Obama administration says new TSP system will modernize retirement program.
The White House on Tuesday touted an upcoming change that will ease the process of switching from a private retirement investment account into the Thrift Savings Plan.
As part of a larger initiative to “build a 21st century retirement system,” the Obama administration highlighted a plan to help federal employees roll over a private 401(k) into the government’s retirement savings program. The White House said the Federal Retirement Thrift Investment Board, which governs the TSP, will issue a request for proposals in June seeking a provider to initiate the reform.
“The federal government’s own retirement plan is also making it easier for federal employees to roll their prior 401(k) savings into their TSP account,” the White House said in a fact sheet. “This June, the TSP will issue a request for proposals to, among other things, eventually facilitate rollovers to the TSP by making the service provider, not the participant, responsible for shepherding rollovers.”
Kim Weaver, a FRTIB spokeswoman, said the agency will award a “participant support contract” aimed at improving the way services are offered to enrollees across the board. The agency’s call centers will be merged with its processing units, which handle the filling out of forms. Included in the change will be FRTIB and its selected provider taking care of the burdensome process of bringing a private sector retirement account into a TSP.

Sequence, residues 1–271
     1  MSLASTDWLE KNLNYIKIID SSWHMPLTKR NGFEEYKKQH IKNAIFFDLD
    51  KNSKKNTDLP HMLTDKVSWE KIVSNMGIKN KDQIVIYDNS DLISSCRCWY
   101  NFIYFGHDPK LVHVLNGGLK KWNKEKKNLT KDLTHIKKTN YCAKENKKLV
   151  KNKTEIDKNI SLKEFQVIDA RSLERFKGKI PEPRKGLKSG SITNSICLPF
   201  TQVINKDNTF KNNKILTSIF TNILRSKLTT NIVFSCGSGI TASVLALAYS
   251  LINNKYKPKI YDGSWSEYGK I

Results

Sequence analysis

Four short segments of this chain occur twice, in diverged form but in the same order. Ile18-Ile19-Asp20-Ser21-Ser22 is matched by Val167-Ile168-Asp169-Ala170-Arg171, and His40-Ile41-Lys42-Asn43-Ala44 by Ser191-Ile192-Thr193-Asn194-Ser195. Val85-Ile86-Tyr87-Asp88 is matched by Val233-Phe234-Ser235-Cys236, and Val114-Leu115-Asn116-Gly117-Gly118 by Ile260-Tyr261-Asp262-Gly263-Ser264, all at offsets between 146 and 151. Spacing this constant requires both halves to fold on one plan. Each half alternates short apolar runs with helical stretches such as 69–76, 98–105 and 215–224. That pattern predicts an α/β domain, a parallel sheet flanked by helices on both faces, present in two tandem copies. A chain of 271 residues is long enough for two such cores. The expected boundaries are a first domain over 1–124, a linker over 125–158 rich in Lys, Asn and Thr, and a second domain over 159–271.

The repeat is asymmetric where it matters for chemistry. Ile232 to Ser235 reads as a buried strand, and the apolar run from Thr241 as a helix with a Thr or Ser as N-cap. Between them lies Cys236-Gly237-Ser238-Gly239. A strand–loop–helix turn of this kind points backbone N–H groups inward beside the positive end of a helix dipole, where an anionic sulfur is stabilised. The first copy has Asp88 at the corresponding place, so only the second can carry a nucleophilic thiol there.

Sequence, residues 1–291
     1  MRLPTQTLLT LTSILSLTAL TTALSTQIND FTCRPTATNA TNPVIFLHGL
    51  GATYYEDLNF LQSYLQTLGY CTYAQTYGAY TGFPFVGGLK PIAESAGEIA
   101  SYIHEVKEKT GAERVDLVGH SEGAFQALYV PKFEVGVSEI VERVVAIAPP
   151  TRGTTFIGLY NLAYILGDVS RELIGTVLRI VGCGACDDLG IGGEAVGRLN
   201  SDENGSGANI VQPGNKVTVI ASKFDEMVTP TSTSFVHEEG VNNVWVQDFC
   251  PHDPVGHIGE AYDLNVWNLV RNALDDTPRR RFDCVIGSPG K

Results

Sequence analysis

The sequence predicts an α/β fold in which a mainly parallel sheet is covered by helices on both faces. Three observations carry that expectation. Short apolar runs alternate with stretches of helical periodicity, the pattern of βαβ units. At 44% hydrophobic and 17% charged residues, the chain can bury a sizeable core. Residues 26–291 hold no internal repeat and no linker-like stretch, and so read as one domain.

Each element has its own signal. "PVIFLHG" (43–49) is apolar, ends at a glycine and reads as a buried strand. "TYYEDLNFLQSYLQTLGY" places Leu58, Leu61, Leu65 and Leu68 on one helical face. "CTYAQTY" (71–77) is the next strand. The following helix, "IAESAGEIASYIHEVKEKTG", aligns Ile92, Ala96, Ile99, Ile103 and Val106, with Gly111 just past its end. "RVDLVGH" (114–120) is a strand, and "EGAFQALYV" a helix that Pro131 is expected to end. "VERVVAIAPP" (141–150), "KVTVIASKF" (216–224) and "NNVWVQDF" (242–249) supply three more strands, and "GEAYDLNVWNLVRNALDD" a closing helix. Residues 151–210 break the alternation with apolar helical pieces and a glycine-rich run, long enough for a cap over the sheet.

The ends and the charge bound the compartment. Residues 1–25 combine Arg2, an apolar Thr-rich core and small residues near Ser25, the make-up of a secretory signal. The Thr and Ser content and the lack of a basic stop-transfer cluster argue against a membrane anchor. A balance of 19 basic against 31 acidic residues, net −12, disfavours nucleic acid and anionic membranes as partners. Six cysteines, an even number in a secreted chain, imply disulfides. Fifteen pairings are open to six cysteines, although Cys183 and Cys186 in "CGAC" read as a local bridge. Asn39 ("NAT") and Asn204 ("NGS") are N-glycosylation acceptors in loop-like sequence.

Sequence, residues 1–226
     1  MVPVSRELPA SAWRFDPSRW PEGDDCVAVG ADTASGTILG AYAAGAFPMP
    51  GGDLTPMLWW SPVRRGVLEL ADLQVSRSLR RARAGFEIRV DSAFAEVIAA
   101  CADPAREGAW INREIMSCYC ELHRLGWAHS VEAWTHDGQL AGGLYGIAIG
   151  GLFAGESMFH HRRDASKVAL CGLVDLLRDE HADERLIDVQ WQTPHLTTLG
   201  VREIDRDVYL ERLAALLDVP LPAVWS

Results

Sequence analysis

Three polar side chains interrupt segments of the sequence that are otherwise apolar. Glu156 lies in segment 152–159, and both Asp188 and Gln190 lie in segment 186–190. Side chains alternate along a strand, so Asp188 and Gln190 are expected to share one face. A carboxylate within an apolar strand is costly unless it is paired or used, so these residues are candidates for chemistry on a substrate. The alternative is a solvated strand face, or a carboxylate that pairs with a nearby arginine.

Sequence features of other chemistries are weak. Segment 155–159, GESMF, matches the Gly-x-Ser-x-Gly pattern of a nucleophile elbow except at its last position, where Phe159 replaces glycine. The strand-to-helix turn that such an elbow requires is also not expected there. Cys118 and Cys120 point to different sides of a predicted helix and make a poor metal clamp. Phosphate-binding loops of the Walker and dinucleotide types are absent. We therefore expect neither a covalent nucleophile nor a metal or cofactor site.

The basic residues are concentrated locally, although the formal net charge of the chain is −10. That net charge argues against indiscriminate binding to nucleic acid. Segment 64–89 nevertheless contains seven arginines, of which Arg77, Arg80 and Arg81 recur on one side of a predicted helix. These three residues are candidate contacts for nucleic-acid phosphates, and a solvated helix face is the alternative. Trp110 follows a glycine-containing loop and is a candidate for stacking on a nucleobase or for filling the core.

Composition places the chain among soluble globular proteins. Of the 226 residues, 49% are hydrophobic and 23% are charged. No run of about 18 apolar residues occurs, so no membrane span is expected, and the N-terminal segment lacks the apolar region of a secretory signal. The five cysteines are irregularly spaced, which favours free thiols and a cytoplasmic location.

“There’s a whole host of things we want to do to improve customer services,” Weaver said. “One of the things we want to do is rolling services.”
She added the agency will seek to be more proactive and supportive in dealing with participants. FRTIB did not wait for a push from the Obama administration to make the changes, and initially issued a request for information one year ago seeking input from private industry on how it could improve its rollover and other customer services.
“They’re doing it,” Weaver said of the White House. “We were already on the way.”
Federal employees looking to bring their 401(k) into their TSP will still have to initiate the process even after the new system is implemented. The paperwork and the burdensome back-and-forth between the new and old provider will be handled by TSP, however. Weaver said the board has been aware of the difficulties in making that transition “for a while.”
A Government Accountability Office report found in 2013 the process of rolling over one employer-sponsored 401(k) to another was excessively difficult under existing law. The new system, which will enable the same people that answer phone calls from TSP participants to fill out forms for them, will both improve customer service and prevent “leakage,” Weaver said. The current system incentivizes individuals with small balances -- $5,000 or less -- in their old, private sector 401(k) accounts to withdraw the money when they leave their jobs. They often then spend the money rather than using it for its original purpose of retirement savings.
“It’s why we are emphasizing it,” Weaver said. “It’s why the White House is emphasizing it. It’s a problem in the retirement world.”
It will take some time for the changes to take effect, however. FRTIB does not anticipate awarding its participant support contract until 2017, which will be followed by a transition period and a full ramping up.
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